The objective of paper 3 and 4 is to study a possible realization of an integratable device for low voltage power amplification at gigahertz frequencies and its potential for use in UHF integrated circuits using conventional NMOS/CMOS technology. In paper 3, results from the first design approach, fabrication, characterization and power performance are presented, while in paper 4, an improved power MOSFET using an industry standard 1.3 um MOS technology is described. Devices were able to deliver up to 11 dB power gain at moderate power levels (20 dBm), and maximum saturated output power was estimated to 250-300 mW for the largest studied device. The devices in these papers were demonstrators using the NMOS part of a CMOS fabrication technology but the results can be translated to BiCMOS or CMOS-SOI technology to achieve power gain at ultra-high frequencies in state-of-the-art IC technology.

The bipolar RF power transistors are among the oldest silicon devices and have dominated the RF power area since beginning of the sixties. For cellular base stations, high-voltage bipolar transistors are almost exclusively used, and can deliver great performance up to and beyond 2 GHz with good stability, availability and price. In paper 5, an introduction to this area is given.

In many areas in microelectronics, CAD tools have evolved considerably during the last decade. For RF power transistors, simulation methods still offer offer limited help for amplifier design because these transistors represent maybe the toughest case for modeling of packaged devices. Model accuracy of the active device is the major limitation. Another equally important modeling problem, which has received considerably less attention, is the internal matching and the package.

In paper 6, 3D electromagnetic simulations and SPICE are used to model the effects of wire geometry, internal matching and package on the small signal characteristics of an RF power transistor. A method for extracting the actual 3D properties of the bond wires and the package using SEM photos is presented. The geometry data is then used as input to the electromagnetic simulators. Measured transistor data is compared with simulated data and the importance of the contributing elements and the coupling effects in the bondwire geometry are investigated.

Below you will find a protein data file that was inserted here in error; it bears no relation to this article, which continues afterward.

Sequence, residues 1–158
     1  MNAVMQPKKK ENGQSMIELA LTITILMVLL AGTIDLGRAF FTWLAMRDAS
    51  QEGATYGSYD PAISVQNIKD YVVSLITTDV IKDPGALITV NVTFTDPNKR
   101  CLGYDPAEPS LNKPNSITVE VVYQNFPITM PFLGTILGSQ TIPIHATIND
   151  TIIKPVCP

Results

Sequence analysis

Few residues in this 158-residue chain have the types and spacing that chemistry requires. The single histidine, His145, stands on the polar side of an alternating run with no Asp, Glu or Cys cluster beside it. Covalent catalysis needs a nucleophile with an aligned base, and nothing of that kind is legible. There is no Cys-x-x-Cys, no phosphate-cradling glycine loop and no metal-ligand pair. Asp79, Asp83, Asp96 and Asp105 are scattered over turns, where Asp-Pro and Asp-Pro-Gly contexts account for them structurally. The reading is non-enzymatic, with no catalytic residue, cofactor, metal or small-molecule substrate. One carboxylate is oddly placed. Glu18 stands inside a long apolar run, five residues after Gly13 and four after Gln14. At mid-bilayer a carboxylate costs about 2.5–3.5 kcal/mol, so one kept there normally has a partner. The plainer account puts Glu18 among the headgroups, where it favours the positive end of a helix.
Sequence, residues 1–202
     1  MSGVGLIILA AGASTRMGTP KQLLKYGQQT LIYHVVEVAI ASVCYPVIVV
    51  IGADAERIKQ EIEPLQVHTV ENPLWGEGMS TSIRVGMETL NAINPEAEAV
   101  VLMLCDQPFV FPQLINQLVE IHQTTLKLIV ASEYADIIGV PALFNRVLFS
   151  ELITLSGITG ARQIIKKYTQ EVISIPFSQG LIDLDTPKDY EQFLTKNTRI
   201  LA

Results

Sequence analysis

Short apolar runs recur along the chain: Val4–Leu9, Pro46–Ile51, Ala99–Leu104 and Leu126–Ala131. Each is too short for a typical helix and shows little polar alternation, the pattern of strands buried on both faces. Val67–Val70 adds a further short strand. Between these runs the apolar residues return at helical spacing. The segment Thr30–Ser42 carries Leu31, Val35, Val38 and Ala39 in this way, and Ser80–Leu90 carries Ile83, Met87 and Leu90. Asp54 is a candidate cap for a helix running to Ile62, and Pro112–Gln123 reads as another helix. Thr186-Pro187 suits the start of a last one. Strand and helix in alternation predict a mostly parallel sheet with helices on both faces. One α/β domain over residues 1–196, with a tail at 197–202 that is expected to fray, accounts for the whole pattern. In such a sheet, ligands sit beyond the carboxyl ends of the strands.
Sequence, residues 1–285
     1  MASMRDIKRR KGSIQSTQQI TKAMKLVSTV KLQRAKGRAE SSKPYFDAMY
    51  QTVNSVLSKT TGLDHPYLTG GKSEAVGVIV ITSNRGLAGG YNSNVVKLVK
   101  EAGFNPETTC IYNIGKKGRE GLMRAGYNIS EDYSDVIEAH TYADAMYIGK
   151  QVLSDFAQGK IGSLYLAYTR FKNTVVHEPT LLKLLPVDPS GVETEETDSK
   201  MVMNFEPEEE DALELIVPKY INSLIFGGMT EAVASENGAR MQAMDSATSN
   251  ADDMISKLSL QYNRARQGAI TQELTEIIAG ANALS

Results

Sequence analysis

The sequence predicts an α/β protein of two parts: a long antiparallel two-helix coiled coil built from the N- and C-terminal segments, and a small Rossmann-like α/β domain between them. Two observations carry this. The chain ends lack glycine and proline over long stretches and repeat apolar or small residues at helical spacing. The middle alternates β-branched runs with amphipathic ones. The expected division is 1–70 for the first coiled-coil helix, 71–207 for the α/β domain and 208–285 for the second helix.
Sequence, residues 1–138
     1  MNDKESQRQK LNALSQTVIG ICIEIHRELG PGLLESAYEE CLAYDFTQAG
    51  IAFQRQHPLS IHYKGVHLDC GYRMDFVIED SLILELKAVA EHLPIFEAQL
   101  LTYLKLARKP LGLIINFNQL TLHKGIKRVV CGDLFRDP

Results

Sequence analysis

GaAlAs/GaAs heterojunction bipolar transistors (HBT:s) are among the most mature of a new generation of III-V semiconductor transistors that rely on heterojunctions for their operation. These devices offer potential advantages in microwave and high-speed applications over silicon homojunction devices.

The objective of paper 7 is to study the feasibility of GaAlAs/GaAs HBTs as power output transistors for the same application as treated in paper 5 and 6. DC and small-signal HF characterization showed that the fabricated device fulfilled the device parameter goals, but power characterization at full supply voltage of 25 V failed because all devices blew up already at 20-22 V. The ballasting was increased, but with similar results. The explanation of the blown devices is most likely the dimension of the emitter, causing current crowding and nonuniform temperature distributions, which is further pronounced because of the high supply voltage and the GaAs material. The observed problems may severely limit the use of these devices for this and similar applications. The study shows a new technology with potentially superior performance, which when the actual device is realized, encounters unforeseen effects and processing limitations that hinders the unmediated use of the technology. It reveals how much work that has to be put into a new technology to reach similar or better performance than established technologies.

Department of Physics and Measurement Technology
Linköping University, S-581 83 Linköping, Sweden.
Linköping 1998

ISBN 91-7219-110-4 ISSN 0345-7524